by contributing writer Em J Parsley
When choosing books for this list, I found it impossible to stick to one genre or theme. There’s too many wonderful books from all the wonderful genres to confine this list to a monolith, so what we’ve got spans from poetry to graphic novels to children’s literature. Enjoy!
1. Pride and Prejudice by Jane Austen [novel]
If you haven’t read it, you’ve probably seen one of the several versions of the movie. I recommend you read it anyway. Over 200 years later, and Austen still holds up. Her dry humor and quick-witted heroines hold as much charm as ever, but even more than that, Elizabeth Bennet is an ever-modern heroine who remains that just-right combination of realistically flawed and startlingly authentic.
2. Antígona González by Sarah Uribe [prose poetry]
Inspired by Sophocles’ play Antigone, Uribe tells the utterly heart-breaking tale of a woman’s search for her missing brother. Antígona’s grief becomes a powerful manifestation of all the Antigones across Mexico who are in the same position as her, which is all the more convincing due to Uribe’s scattering real accounts throughout the book from people whose family members have gone missing.
3. Fun Home by Alison Bechdel [graphic memoir]
Equal parts hilarious and tragic, Fun Home tells the story of Bechdel’s childhood and coming of age. From her time spent at her family’s funeral home to the discovery of her sexuality to her emotionally distant father’s sudden death, Bechdel pulls no punches and leaves no family stone unturned.
4. The House on Mango Street by Sandra Cisneros [novel/short stories]
On the surface, teenage Esperanza Cordero’s story may seem like a typical coming-of-age account with boys and fights and questions of what it means to grow up, but Cisnero refuses to stop there. The House on Mango Street displays a rich use of a vignette style that weaves between storytelling, philosophical quandaries, and at times language so flowing and rhythmic it could be considered poetry, while also dealing with a variety of heavy, important topics, like sexual assault, racism, and misogny. Cisneros’ message is clear right from the dedication page, which reads, “A las Mujeres -- to the Women.”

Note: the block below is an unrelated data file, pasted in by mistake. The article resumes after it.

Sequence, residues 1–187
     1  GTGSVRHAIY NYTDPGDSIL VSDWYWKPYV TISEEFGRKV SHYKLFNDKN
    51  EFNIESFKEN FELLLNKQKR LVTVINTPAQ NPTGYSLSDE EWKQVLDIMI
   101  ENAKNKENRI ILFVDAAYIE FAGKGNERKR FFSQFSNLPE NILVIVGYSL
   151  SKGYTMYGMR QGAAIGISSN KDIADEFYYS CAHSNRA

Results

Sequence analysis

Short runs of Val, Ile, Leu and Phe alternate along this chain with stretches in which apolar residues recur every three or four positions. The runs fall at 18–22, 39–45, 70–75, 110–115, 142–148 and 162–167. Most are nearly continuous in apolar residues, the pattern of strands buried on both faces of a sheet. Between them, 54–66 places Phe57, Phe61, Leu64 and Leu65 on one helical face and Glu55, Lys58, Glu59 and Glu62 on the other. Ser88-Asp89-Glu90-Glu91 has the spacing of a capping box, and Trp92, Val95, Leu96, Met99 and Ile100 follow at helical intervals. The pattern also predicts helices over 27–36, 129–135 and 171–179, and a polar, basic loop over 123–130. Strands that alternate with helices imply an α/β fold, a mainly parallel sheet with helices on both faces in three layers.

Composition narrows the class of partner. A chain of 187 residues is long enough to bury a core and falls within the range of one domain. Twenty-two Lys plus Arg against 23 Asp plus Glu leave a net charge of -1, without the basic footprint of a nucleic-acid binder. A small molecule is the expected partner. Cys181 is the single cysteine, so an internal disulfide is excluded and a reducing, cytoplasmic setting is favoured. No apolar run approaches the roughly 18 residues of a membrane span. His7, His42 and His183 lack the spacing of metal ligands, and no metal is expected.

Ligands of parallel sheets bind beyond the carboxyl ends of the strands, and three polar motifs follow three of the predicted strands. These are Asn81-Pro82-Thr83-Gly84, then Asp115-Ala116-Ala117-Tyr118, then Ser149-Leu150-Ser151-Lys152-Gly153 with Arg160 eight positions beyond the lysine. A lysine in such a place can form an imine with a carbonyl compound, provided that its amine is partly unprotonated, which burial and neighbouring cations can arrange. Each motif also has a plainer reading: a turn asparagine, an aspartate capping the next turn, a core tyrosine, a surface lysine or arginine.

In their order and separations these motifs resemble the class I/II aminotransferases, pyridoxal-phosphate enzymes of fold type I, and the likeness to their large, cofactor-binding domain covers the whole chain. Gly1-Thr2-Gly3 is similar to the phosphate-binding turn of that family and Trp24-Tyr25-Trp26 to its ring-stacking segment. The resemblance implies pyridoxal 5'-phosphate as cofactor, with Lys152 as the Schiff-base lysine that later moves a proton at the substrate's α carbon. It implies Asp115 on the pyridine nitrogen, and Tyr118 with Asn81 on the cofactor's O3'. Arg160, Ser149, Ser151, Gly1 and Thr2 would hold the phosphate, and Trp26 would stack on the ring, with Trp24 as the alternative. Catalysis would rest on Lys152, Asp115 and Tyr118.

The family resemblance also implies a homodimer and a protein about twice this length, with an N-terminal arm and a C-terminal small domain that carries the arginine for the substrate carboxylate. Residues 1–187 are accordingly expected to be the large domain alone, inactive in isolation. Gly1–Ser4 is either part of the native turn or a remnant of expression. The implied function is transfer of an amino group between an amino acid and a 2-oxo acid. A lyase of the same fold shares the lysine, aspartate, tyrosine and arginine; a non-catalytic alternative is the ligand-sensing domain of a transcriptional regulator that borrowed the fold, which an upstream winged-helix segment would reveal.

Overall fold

5. Playing in the Dark by Toni Morrison [literary criticism]
Playing in the Dark is a phenomenal (and short) read if you are interested in literary criticism. Shedding the dry, painfully academic tone that so much of literary criticism is guilty of, Morrison takes a look at the past and present condition of literature in the United States, examining how white canonical literature portrays race and “Americanness.” It is a potent, thoughtful, and unflinching look into America’s literary imagination.
6. The Witch Boy by Molly Ostertag [children’s graphic novel]
This is the only novel I’ve included in this list that does not have a woman/girl protagonist, but Molly Ostertag still has so much to say about feminism and gender roles. The Witch Boy tells the story of a boy named Aster who comes from a family where all of the women are witches and all of the men are shapeshifters, and what he does with his struggles with shapeshifting and his love for witchcraft. It’s a heart-warming and at times heartbreaking tale that asks the reader to examine who they are and be that person unconditionally.
7. Rubyfruit Jungle by Rita Mae Brown [novel]
Protagonist Molly Bolt is fondly placed in my memory as a Scout Finch-esque tomboy if Scout swore a lot. Molly’s story, while placed in lesbian novel history as being one of the few that is not deeply tragic--it is, in fact, one of the funniest books I’ve read in a long time--it is also a literary goldmine for feminism, in particular, feminism’s relationship to patriarchal control of women’s sexuality.
8. The Color Purple by Alice Walker [novel]
The Color Purple follows the life events of Celie living in rural Georgia, told through a series of letters to God in which Celie recounts her experiences of the horrors of rape, systemic racism, and poverty. Even in the face of addressing such dark subjects, Walker treads with gentleness and love, because her focus is always, perpetually on women’s bonds with each other.
9. Sister Outsider by Audre Lorde [essays and speeches]
While Audre Lorde is probably best known for her poetry, this book of essays is truly a marker for what Lorde is capable of. The essays, handling everything from police brutality to terminal illness, are, as with everything Lorde writes, a push back against silence, against violence: “We cannot allow our fear of anger to deflect us nor seduce us into settling for anything less than the hard work of excavating honesty.”